According to Wikipedia, the word doodle first appeared in the early 17th century to mean a fool or simpleton. The modern meaning emerged as a term for a politician who was doing nothing in office at the expense of his constituents. That led to the more generalized verb “to doodle”, which means to do nothing.
A doodle is a drawing made while a person’s attention is otherwise occupied. They can be simple drawings with representational meaning or may just be made of random and abstract lines, generally without lifting the drawing device from the paper, in which case it’s usually called a “scribble”.
I have always doodled, whether on the phone to friends, enjoying an early morning cup of tea in bed or nowadays when I’m in a meeting on Zoom and processing thoughts and ideas. It makes complete sense to me to pick up a pencil or pen at any time and create patterns and shapes which have no apparent meaning, or do they?
As a practising artist drawing is something I do every day, but what about those of us who don’t readily pick up a pencil and draw? What can doodling do to help our state of mind and why do we do it?
I noticed that when I’m searching for calm and an escape from reality, anxiety or stress I pick up a pencil and start creating. It’s almost as if my subconscious is processing my mix of thoughts while I’m also occupied physically but without intent.
Many years ago when all the mindfulness colouring books first came out I saw my daughter, who is grown up, crayoning in and relaxing. It took me back to the days when as a tiny tot she used to draw on her bedroom wall or later on when she was at school her text books would be covered in patterns and doodles.
She had an exhausting job in the theatre and this was her way of switching off and getting some down time. This type of therapy is something that we could all use to relax and find peace.
When we were decorating our kitchen I doodled all over the wall before it was tiled. I started off with a sketch of my friends who helped decorate and it went on from there. This enormous doodle will only be discovered when those tiles come down, which may not be for years.
The power of relaxation connected to doodling gave me an idea to start mindfulness colouring and doodle evenings first of all in my local micropub The Dodo in Hanwell where I am a resident artist. Doodle at the Dodo became very popular on the first Tuesday of the month. People drinking craft beer and colouring away on templates I would provide or by creating their own doodles. It was amazing to see everyone finding peace in such a simple activity.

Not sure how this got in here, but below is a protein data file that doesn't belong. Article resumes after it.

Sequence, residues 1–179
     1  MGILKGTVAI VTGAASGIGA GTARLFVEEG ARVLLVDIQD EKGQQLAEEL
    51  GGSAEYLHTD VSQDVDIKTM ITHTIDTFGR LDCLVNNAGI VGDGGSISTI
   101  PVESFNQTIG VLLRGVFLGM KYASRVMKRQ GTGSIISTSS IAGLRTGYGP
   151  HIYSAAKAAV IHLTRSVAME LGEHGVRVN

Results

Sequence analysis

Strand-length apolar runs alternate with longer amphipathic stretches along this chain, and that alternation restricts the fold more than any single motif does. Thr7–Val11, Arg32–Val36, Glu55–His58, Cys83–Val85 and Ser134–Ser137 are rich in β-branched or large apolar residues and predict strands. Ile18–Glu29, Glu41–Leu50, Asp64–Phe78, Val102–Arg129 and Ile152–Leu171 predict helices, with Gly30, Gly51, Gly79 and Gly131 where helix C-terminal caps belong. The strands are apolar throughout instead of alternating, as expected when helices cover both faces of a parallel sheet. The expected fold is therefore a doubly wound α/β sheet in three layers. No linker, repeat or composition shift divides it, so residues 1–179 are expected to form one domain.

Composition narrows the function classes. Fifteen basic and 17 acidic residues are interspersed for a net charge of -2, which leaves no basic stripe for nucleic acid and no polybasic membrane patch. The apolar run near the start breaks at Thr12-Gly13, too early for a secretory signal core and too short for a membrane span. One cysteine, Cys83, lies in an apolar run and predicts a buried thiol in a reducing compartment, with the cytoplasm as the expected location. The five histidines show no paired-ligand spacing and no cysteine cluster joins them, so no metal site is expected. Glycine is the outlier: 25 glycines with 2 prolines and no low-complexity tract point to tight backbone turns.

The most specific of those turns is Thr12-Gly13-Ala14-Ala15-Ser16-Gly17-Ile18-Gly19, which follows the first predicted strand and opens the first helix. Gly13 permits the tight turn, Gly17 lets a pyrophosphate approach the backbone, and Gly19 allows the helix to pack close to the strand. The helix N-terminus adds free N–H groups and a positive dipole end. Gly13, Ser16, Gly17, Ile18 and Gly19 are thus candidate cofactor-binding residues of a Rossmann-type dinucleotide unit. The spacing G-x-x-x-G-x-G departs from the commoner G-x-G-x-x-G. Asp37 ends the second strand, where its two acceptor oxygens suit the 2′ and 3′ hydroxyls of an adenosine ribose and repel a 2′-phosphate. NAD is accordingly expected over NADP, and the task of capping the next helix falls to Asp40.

The concept of mindfulness originated from Buddhist practice and reflects a focus on awareness of emotions, physical sensations in the body, and consciousness. When you are being mindful, you have an enhanced ability in terms of your self-awareness and capacity to reflect on your experience and daily life.
From this I progressed to leading online mindfulness drawing classes with Ealing Council this summer, enabling the community to relax through my guided meditations and using affirmations and positive thinking to explore the page with a pen, creating doodles with a more mindful approach. I was so pleased to get positive feedback about how this was helping people relax, work through anxiety and find peace. I wanted to help nurture their inner creativity and give their stress levels a break. Doodling helps us to relax. Mental health during lockdown has been high on the agenda and doodling really can help.
So how about on National Doodle Day we all pick up a pen and get creative?
I know I will be doodling away as it becomes a practice which is second nature. So just pick up a pencil and draw ? Starting with a simple line, just draw another and another.. Before long the page will be covered and you will become absorbed in this mindful practice.
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